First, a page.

Tuesday, April 22, 2008

Wisdom from… [22 Apr]

ORIGEN OF ALEXANDRIA (185–253): Peace with God

Now that we have been justified by faith, therefore, let us be at peace with God through Jesus Christ our Lord, through whom we have reached the state of grace in which we now find ourselves, and rejoice in the hope of God's glory. In order to grasp the apostle's meaning more clearly here, we must try to understand what he means by peace, and in particular by that peace which comes to us through Christ our Lord.

Peace is said to exist where dissension, discord, enmity, and cruelty of every kind are absent. Formerly we were hostile to God, followers and captives of his arch-enemy the devil. But now, by throwing away the weapons of the evil one, taking up the insignia of Christ, and following the banner of his cross, we shall indeed once more have peace with God. But this peace will come to us only through our Lord Jesus Christ, who has reconciled us with the Father by the offering of his blood. Anyone, therefore, who has been reconciled through the blood of Christ and is at peace with God must have no further contact with anything that is in league with God's enemy.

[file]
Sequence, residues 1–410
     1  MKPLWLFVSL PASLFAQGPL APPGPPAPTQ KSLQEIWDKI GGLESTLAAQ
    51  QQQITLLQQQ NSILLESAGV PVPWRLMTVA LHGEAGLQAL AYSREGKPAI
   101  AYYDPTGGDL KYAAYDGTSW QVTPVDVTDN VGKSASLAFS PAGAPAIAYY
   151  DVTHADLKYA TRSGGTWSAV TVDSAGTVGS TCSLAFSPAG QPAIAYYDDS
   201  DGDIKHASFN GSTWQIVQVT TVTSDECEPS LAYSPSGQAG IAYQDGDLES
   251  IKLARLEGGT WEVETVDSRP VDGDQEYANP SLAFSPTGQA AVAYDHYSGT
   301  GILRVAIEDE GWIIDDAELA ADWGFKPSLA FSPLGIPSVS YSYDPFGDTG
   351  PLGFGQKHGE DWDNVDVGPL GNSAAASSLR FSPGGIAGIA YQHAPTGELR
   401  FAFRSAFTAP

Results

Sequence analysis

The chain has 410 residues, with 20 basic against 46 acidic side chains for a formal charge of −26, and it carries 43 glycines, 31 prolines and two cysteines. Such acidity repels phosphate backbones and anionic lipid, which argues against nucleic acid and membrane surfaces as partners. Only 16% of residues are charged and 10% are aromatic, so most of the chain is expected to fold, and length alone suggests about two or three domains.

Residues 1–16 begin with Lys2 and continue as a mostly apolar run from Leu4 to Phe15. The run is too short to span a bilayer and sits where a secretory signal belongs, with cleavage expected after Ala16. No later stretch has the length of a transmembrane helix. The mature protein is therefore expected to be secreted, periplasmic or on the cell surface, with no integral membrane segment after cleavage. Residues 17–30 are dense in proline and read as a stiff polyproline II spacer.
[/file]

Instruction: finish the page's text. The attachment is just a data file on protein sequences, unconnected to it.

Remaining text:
(Romans 4, 7-8: PG 14, 985-988.)

Origen became the head of the catechetical school in Alexandria and devoted his life to the study of Scripture. He was an exegetical giant, especially as regards his Platonic allegorical methods and multilingual abilities. In the following centuries he became a controversial figure, and certain of his views, especially the doctrines of apokatatsasis, universal salvation, and the preincarnate existence of souls, were condemned in the 5th century.

"Since therefore Christ suffered in the flesh, arm yourselves with the same thought, for whoever has suffered in the flesh has ceased from sin, so as to live for the rest of the time in the flesh no longer by human passions but by the will of God. … But rejoice in so far as you share Christ's sufferings, that you may also rejoice and be glad when his glory is revealed. … Humble yourselves therefore under the mighty hand of God, that in due time he may exalt you. Cast all your anxieties on him, for he cares about you."
1 Peter 4:1–2; 5:6–7.